MLS players ratify CBA, allowing for season to resume soon

Atlanta United defender Fernando Meza dribbles the ball during voluntary individual workouts at Children's Healthcare of Atlanta Training Ground on Friday. (Photo by Jacob Gonzalez/Atlanta United)

Atlanta United defender Fernando Meza dribbles the ball during voluntary individual workouts at Children's Healthcare of Atlanta Training Ground on Friday. (Photo by Jacob Gonzalez/Atlanta United)

Major League Soccer is scheduled to resume later this month because the Major League Soccer Players Association on Wednesday ratified the collective bargaining agreement between the players and the league.

“Collectively, we will work to get back to play and deliver to our fans and our players the sport they love and work hard to build back some of the value, if you will, in the relationships we worked hard to create collectively in December and January of last year,” Commissioner Don Garber said in a zoom call Wednesday.

The league suspended its season March 12 because of concerns about COVID-19. Atlanta United was 2-0-0, with victories at Nashville and at home against Cincinnati.

Though the league has cut hundreds of millions of dollars in expenses in terms of salary reductions and from other areas, Garber said the league still projects to lose $1 billion, much of it from the loss of game-day revenues.

That was one of the points of momentum that led to the Orlando tournament -- the need to recapture some revenue. Though Garber said more details will be coming, teams should begin reporting to Orlando later this month. Garber did say there will be more cameras at the game than during a normal broadcast and that access will be greater than ever before.

“Unlike other leagues whose fan bases are deeply mature and have been around for generations, our absence created a void in their lives and their love and care for our players and our clubs, but clearly our absence from the sports scene, it was crucial for us to get back,” he said.

According to previous reports, the teams will compete in a tournament starting in July in which the games count in the league standings. The tournament will start with a three-game group stage before a 16-team knockout stage, according to Stu Holden, a former U.S. men’s national team player who now works as a media commentator. The players will be housed at resorts in the Disney World area and train and play at the nearby ESPN complex. The teams are expected to be in central Florida for a maximum of 35 days.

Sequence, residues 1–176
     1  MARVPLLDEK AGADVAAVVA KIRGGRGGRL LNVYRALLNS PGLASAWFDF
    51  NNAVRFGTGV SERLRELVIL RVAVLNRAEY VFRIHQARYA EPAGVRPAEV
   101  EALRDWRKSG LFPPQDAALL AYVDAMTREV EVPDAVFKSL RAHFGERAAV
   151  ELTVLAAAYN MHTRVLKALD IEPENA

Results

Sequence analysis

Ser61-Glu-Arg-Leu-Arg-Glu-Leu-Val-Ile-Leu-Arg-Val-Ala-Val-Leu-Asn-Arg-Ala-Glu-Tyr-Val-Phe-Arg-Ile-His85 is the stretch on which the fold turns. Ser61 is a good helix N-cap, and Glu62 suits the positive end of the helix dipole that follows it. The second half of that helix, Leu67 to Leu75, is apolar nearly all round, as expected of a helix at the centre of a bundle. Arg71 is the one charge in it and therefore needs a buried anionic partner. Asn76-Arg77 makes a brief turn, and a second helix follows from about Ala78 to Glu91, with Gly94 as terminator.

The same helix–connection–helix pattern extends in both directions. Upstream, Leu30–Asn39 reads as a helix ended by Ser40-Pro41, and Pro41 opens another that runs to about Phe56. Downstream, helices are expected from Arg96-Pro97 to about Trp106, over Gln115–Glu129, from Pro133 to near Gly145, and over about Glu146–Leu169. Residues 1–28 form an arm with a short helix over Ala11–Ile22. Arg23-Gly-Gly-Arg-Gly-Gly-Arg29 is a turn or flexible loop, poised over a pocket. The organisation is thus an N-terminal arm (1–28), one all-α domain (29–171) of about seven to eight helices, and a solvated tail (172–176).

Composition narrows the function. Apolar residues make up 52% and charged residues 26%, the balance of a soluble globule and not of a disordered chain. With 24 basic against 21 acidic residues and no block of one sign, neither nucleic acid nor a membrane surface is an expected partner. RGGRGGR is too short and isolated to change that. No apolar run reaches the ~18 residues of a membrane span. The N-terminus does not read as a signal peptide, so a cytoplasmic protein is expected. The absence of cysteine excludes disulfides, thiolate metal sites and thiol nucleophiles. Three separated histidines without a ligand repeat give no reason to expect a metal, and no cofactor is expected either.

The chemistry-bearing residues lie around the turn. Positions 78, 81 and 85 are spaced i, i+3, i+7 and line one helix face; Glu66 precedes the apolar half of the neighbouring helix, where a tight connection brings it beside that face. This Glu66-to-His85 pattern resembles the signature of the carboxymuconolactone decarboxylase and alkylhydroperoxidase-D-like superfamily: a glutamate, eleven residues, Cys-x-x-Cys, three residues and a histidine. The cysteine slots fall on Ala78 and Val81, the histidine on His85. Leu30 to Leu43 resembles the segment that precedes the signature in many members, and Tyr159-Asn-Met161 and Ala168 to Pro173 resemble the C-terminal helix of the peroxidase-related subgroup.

The league threatened to lock out the players Wednesday if they didn’t come to an agreement on issues that included the insertion of a force majeure clause in the CBA, which also needed to be ratified, a pay decrease for the players this season, a split of TV revenues when a new deal is reached and the health and safety of the players while training and competing in Orlando.

Garber said it was his decision, on behalf of the owners, to create the lockout deadline.

“I believed it was necessary to get to the point today where we have reached an agreement,” he said.

The two sides are arrived at solutions that the players discussed in a conference call Tuesday and that were voted on Wednesday.

The CBA’s duration was extended by a year through Jan. 31, 2026, which is what Garber said the owners wanted in exchange for a lower salary reduction.

Among the points of contention in the negotiations:

• The players wanted pay cuts of 7.5 percent. The owners wanted 8.75 percent. The pay cut will be 7.5 percent and go into effect for the May 31 pay period. Performance and individual bonuses will capped at a total of $5 million. Garber said the owners had originally committed to paying the players 50 percent of their salaries this year even if no games were played.

• The owners dropped their demand for a force majeure clause tied to next season's attendance levels. The new clause more resembles that of the NBA's. According to ESPN, either side can back out of the CBA with a 30-day notice if the agreement is "economically unfeasible."

• A reduced share for the players in the media-rights deal that, when negotiated, will go into effect in 2023. The CBA had the players receiving 25 percent of revenues that were $100 million more than those in 2022. The league wanted that reduced to 10 percent. MLSPA wanted 17 percent. The percentage will be 12.5 percent in 2023 followed by increases to 25 percent in 2024 and 2025.

Garber said even in normal times the negotiations would have been difficult. Amid COVID-19 and social unrest, he said the discussions  were “unimaginably difficult.”

“Players showed great leadership and I applaud what they have done to organize themselves, to be smart, to be thoughtful, to understand the details of this agreement and to fight and advocate  and to do it in a respectful way, and to do it in a professional way,” Garber said.